Yesterday (Monday) was one of those rare days this winter where it didn't rain a single drop throughout a whole 24 hrs and not only that, it was wind free and fairly sunny - a small event but one for great celebration in this endless round of rain and flooding.
Most of the harrier roost counts took place on Sunday evening but I was unable to make that and so did mine yesterday evening. This wasn't a problem because mine normally consists of counting the few Hen Harriers that traditionally roost on the saltings close to Shellness Hamlet and so there isn't normally a case of counting some that were counted elsewhere the night before. Although water levels on the open fields of the reserve have receded a little now, there are still large areas of flood water in some of the fields, as this photo of the Flood Field in front of the Sea Wall hide shows.
To get across to the sea wall and it's hide from the reserve barn, I had to cross the field alongside The Flood which wasn't as wet as that above but still involved a good degree of splashing through water and soft mud - OK in the daylight but not so good on the return journey in increasing darkness and rising mist. On getting on top of the sea wall I could see one of the local wildfowlers that I know, coming towards me with his three dogs and so I waited for him to catch me up for a chat. It was a very still late afternoon/early evening and with clear skies it was looking like he was going to have a wasted journey shooting wise - windy, cloudy conditions are more favourable, and so we stood talking on the sea wall together for the whole of my stay.
That's not to say that there weren't a lot of wildfowl about because there were and surprisingly, giving this winter's low counts there, a lot were ducks. They were out on a fast flowing and ebbing tide, half a mile or so across the saltings. My telescope brought in to view good numbers of mixed duck species, sitting on the tide and being carried speedily towards Shellness Point. The majority were Wigeon, Mallard and Shelduck but amongst them were also a few pairs of Pintail and Teal and they looked really picturesque on a glass calm sea with the first few wisps of mist just starting to rise from the saltings in front of them. As we talked and in the space of another half an hour or so, the sea had receded enough for the mudflats to start to become exposed and with that came the mad rush of various waders as their huge flocks began to appear from all directions to hurriedly feed on the mud itself. Curlews began to leave their high-tide roost in the Flood Field and pass over us with their bubbling calls, rushing to join the other waders out on the mudflats before the dark settled in. Further down The Swale a noisy flock of Brent Geese that had been drifting past Horse Sands, now began to walk on to the top of the Sands as they became exposed by the dropping tide. It was a particularly magical evening and we commented several times on how colourful the setting sun had become as it began to drop below the skyline alongside Harty church.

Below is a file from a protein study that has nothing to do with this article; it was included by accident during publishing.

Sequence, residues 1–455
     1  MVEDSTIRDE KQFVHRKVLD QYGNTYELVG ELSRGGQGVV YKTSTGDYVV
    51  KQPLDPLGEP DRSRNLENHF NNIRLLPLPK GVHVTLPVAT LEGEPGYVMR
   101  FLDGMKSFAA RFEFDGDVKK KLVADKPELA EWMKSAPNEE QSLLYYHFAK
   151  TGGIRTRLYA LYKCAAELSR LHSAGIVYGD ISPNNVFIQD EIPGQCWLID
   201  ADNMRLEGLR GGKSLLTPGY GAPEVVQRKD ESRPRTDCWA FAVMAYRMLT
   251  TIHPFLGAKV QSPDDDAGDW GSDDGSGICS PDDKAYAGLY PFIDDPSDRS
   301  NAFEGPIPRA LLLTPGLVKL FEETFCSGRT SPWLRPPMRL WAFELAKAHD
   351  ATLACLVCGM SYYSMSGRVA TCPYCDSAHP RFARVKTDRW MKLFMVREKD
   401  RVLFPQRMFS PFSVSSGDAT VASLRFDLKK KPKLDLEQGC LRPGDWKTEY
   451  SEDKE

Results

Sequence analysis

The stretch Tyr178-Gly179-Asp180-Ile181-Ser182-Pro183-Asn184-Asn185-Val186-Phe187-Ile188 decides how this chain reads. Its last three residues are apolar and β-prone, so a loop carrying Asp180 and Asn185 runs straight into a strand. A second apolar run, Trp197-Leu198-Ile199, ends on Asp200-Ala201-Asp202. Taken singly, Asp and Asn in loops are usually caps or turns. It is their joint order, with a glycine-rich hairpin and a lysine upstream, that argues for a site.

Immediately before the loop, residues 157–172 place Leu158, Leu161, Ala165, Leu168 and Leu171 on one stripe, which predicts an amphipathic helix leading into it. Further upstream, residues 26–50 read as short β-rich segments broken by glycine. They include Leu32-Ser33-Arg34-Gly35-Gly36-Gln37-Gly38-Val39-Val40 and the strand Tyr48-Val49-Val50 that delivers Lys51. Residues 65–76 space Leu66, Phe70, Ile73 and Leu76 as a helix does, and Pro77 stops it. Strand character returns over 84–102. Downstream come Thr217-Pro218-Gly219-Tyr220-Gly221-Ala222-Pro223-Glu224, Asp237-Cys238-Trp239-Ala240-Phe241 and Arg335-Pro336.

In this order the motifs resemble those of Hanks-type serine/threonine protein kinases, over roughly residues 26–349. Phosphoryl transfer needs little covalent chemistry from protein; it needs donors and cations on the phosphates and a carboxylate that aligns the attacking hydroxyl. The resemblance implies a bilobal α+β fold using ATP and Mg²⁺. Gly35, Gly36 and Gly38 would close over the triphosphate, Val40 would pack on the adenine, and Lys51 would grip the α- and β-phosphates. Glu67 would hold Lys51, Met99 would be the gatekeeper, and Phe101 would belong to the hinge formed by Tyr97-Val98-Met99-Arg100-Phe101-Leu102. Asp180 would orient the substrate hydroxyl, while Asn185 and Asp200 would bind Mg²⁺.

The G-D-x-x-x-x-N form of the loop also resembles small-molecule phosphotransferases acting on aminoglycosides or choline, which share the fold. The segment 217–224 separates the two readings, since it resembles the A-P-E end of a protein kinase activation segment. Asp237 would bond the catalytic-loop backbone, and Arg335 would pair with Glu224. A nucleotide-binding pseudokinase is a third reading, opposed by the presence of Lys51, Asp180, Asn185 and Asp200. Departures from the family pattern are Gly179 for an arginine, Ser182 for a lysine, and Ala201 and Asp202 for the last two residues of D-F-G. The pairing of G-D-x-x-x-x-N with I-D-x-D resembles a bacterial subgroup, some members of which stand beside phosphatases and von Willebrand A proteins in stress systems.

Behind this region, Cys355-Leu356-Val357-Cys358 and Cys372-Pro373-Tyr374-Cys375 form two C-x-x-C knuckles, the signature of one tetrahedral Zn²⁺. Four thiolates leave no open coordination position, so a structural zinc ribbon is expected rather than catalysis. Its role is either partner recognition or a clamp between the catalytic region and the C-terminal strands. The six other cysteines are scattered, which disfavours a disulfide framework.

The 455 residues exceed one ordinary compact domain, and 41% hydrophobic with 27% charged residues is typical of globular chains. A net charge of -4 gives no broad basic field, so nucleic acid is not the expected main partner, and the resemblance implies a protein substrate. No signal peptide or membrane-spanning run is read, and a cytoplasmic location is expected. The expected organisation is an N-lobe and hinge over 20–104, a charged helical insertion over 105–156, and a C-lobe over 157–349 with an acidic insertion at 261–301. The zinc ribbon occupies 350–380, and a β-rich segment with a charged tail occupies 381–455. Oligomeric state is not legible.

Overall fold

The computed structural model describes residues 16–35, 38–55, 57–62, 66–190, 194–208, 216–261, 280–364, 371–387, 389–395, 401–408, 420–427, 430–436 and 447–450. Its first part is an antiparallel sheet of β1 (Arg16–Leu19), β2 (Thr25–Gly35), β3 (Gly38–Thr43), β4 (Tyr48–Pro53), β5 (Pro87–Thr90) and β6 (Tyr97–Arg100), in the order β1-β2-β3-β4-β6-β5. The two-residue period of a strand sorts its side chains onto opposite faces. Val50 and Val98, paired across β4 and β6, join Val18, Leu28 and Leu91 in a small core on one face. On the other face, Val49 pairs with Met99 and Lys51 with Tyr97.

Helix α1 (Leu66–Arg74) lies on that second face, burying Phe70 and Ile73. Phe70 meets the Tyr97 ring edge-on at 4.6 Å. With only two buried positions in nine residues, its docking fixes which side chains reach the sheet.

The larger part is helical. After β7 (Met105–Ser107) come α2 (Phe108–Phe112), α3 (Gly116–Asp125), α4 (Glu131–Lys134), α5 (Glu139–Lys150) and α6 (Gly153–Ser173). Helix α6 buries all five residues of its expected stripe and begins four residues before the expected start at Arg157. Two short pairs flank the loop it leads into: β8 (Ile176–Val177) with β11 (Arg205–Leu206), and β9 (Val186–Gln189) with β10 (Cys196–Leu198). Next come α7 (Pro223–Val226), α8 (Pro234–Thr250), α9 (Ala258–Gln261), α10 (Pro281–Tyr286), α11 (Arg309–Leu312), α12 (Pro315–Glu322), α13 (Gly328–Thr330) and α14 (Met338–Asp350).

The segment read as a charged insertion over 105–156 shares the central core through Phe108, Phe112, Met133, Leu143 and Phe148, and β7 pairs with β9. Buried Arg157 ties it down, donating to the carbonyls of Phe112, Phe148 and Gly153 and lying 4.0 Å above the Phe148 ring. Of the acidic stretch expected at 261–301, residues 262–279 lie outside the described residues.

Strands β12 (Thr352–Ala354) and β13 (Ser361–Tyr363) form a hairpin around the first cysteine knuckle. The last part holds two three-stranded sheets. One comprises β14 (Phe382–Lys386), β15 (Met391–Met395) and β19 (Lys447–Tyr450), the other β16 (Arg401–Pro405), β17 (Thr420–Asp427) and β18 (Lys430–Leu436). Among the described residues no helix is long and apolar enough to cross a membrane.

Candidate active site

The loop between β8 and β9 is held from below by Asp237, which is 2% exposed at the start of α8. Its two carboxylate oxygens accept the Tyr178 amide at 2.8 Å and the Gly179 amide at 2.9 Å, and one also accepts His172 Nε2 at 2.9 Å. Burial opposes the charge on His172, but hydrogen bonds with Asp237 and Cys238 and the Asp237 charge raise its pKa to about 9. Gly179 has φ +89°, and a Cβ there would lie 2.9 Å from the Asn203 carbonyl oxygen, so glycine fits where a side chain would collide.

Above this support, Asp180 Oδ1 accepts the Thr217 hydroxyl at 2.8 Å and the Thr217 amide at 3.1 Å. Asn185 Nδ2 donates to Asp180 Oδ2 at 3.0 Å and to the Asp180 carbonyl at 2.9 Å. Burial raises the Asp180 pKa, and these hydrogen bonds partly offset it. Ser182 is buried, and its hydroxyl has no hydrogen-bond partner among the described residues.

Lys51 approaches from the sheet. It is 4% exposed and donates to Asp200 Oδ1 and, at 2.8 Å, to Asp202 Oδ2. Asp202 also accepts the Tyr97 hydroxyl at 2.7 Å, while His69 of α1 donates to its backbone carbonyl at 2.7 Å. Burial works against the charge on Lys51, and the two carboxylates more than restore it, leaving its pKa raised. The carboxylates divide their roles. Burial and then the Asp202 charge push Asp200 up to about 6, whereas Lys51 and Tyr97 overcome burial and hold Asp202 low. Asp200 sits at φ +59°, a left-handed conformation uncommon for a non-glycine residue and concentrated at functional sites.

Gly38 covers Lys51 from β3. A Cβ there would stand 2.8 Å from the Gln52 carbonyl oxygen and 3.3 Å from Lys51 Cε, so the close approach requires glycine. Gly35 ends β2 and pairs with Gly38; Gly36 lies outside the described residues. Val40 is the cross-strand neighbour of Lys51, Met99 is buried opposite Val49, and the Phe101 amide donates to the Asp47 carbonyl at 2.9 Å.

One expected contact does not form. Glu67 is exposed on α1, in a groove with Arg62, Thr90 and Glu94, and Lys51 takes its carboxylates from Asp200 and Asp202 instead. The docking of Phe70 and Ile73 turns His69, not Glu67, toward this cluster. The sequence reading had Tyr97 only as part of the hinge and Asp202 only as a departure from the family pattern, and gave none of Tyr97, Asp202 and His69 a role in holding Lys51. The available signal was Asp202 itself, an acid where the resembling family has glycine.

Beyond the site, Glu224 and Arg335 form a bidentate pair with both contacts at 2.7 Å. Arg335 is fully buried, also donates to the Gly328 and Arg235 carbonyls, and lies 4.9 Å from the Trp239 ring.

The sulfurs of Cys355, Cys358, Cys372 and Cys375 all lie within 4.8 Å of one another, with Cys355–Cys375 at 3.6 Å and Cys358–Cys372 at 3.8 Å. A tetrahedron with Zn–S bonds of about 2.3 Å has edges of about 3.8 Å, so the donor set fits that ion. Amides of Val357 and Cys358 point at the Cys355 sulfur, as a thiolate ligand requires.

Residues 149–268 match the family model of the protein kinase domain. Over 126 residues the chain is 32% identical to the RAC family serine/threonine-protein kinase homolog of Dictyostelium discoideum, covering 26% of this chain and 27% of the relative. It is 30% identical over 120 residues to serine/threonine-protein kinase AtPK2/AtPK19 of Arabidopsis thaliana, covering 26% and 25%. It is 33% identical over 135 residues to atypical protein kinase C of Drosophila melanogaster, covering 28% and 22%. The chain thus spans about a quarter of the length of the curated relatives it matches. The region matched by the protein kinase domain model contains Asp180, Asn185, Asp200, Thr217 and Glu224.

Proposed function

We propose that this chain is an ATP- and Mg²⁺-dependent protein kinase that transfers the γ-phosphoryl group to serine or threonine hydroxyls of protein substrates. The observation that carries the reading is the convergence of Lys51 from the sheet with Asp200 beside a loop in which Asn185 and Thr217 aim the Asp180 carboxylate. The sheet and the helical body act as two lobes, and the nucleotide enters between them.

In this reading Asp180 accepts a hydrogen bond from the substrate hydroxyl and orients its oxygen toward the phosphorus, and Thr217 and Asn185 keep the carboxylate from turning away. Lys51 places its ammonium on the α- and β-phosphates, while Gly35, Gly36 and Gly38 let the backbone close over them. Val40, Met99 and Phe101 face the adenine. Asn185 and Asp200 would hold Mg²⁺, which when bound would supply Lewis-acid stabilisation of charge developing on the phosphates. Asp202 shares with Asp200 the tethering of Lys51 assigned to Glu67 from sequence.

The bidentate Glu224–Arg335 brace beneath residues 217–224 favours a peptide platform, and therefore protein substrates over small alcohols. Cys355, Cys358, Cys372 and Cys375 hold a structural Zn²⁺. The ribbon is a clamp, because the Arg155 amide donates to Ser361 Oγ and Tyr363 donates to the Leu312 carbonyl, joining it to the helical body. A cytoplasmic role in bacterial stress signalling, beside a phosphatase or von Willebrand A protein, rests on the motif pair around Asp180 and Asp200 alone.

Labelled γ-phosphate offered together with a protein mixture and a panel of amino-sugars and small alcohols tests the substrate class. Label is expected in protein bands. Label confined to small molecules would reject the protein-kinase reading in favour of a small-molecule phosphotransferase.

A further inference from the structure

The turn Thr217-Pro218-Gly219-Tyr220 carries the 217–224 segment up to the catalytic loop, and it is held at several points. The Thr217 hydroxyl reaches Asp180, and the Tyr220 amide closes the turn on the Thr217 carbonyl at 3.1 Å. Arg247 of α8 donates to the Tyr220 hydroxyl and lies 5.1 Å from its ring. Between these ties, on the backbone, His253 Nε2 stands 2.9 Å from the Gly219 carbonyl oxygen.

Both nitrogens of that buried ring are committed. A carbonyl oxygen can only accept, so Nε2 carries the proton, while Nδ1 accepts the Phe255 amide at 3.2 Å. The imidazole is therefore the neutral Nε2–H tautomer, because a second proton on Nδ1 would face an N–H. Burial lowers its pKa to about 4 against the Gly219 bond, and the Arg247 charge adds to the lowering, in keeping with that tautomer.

And then it was gone, leaving behind it the increasing cold of a potential frost and a mist beginning to rise from the marsh in the fast decreasing light.
The photos don't really do justice to how beautiful and still and cold it was standing there surrounded by the calls of so many different types of birds as the darkness began to increase. In the Flood Field the resident flock of Greylag and White-fronted Geese had begun to become restless as the time for their final flight to their overnight roost became ever closer. The calls of the Whitefronts are magical at the best of times but in that setting they became really special and I suspect my wildfowler companion was looking at them with mixed feelings - how beautiful they sound/might I shoot one.
Had I recorded any Hen Harriers, no I hadn't and surprisingly no Marsh Harriers either. The only raptor that I saw while I was there was a female Merlin sat on a post out on the saltings. After three monthly counts this winter so far, no Hen Harriers have been seen going in to roost at Shellness, which probably reflects the dire state that Hen Harriers are now in in this country.
By then the rising mist over the saltings had risen to 2-3 feet high and it made seeing any birds out there impossible and so it was time to return back across the marsh. This was the view through the reed bed as I traversed the crossing over the Delph fleet by the sea wall and crossed on to the marsh behind. I left my wildfowler chum to spend a brief and half-hearted spell sitting out on the saltings getting damp and cold for probably no reward.